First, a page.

Business economists from the United States have painted a bright picture for the coming months, but the latest survey of their professional association NABE downplayed the Trump administration's tax and trade policies.
Two-thirds of respondents in the latest survey by the National Association for Business Economics (NABE) said US President Donald Trump's tax cuts, which were promoted as likely to spur hiring and investment, hadn't affected their corporate plans.
The study released Monday appeared to suggest instead that the economy's momentum was being driven primarily by solid growth worldwide.
The president and congressional Republicans had attributed much of the recent expansion to corporate optimism over last year's $1.5-trillion (€1.22-trillion) worth of tax cuts, including a permanent reduction in business tax rates.
Yet the NABE survey downplayed whatever influence Trump's tax and trade policies might be having on corporate America's plans.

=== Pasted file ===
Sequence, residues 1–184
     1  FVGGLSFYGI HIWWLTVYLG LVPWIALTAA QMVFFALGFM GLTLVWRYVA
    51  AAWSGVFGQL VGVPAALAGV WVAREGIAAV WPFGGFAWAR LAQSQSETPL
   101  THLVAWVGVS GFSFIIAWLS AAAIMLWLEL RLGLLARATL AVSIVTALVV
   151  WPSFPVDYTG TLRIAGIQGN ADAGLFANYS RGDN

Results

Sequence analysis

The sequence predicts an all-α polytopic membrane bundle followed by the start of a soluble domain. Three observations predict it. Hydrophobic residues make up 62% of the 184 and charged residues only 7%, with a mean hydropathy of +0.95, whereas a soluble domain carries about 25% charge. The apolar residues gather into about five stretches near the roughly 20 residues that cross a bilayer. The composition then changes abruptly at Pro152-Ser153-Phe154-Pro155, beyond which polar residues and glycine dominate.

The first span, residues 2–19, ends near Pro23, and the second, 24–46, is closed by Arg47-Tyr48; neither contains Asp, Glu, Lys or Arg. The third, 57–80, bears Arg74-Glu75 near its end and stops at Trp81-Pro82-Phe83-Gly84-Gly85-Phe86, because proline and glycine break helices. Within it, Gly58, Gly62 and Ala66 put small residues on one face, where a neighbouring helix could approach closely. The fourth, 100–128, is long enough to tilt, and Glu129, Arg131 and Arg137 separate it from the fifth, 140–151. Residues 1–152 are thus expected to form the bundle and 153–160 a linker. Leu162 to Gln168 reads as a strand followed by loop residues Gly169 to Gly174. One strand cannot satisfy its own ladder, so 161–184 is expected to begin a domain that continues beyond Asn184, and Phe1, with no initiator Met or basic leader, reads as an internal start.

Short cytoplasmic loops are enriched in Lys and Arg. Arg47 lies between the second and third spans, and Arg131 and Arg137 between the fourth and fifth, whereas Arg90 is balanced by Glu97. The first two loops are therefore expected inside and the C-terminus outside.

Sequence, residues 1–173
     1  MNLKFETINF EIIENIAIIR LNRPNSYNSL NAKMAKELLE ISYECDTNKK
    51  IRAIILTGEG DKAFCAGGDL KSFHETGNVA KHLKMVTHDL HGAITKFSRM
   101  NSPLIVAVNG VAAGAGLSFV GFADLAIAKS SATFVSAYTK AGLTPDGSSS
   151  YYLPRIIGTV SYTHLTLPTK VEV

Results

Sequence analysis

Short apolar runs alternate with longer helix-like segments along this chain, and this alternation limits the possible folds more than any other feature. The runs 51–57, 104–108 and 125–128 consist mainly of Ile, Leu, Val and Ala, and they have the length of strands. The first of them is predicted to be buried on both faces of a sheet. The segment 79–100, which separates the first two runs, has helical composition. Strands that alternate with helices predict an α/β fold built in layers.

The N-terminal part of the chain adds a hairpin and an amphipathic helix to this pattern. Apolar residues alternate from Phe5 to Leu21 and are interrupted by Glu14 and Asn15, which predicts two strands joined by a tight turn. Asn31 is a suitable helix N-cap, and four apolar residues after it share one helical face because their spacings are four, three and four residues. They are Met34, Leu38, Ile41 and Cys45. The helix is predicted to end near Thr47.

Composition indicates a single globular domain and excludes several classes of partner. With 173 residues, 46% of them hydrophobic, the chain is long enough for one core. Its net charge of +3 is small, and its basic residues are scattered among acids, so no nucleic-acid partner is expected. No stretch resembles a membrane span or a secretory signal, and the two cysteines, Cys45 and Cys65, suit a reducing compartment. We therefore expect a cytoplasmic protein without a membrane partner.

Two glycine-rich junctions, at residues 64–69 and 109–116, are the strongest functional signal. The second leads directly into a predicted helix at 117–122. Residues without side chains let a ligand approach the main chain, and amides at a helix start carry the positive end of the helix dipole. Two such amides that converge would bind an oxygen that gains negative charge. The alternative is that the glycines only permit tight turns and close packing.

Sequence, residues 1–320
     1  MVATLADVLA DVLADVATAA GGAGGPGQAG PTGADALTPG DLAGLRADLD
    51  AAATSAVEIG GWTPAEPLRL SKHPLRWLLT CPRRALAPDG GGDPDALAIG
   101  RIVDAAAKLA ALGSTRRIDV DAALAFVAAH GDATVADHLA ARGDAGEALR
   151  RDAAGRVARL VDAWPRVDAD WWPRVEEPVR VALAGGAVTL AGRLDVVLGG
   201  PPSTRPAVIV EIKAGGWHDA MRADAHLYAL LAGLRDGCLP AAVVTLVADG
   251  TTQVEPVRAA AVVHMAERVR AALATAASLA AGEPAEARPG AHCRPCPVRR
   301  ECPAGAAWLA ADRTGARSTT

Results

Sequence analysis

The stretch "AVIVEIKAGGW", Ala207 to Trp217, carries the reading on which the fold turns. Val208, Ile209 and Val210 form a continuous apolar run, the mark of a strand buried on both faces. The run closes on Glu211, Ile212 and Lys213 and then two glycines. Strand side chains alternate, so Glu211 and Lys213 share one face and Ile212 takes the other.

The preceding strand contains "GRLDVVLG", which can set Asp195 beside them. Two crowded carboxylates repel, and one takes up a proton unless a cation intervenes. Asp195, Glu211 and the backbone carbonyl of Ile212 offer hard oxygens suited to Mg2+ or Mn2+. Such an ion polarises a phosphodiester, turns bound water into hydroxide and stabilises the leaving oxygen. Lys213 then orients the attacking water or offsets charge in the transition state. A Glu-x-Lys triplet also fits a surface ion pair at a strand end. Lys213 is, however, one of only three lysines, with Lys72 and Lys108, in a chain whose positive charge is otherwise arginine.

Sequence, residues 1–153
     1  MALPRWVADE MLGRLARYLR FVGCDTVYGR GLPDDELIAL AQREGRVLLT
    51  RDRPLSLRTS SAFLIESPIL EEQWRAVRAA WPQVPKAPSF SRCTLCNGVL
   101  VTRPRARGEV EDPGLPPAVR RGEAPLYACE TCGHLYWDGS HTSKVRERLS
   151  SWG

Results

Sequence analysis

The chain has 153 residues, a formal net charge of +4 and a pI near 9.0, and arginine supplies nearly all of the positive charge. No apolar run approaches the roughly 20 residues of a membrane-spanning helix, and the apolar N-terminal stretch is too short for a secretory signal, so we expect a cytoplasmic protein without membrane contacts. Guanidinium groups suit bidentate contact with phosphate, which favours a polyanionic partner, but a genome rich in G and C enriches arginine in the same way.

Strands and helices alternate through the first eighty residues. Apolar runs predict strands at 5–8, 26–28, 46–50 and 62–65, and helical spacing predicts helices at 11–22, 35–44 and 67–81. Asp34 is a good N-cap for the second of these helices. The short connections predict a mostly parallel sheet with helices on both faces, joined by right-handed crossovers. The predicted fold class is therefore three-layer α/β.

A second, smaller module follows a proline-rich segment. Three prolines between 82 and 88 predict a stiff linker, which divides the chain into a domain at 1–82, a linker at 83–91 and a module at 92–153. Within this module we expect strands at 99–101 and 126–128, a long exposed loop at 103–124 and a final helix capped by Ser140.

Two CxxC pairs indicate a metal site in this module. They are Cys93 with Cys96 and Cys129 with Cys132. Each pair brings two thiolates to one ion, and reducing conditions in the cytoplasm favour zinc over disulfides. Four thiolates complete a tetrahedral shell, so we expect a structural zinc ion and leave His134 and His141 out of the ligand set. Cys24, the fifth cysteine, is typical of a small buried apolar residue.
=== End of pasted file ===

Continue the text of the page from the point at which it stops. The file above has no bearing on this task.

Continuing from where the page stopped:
Profit margins in focus
Some 65 percent of respondents said their companies hadn't changed their hiring and investment strategies because of the tax cuts. In addition, 68 percent said the president's tariffs on steel and aluminum weren't altering their corporate strategy.
For both taxes and tariffs, goods producers including manufacturers were more likely to adjust their plans to the administration's agenda. But even among those companies, only a minority said they were making changes.
The latest NABE survey also pointed out that with the nation's unemployment rate at a 17-year low of 4.1 percent, more firms were facing pressure to raise wages because there were fewer workers available to hire.
The study indicated that wage growth should likely be strong over the next three months to benefit workers and consumer spending, the economy's primary fuel.
NABE economists concluded that higher labor and material costs would not slow sales, but would have an impact on profit margins in the months ahead.
hg/jd (AP, AFP)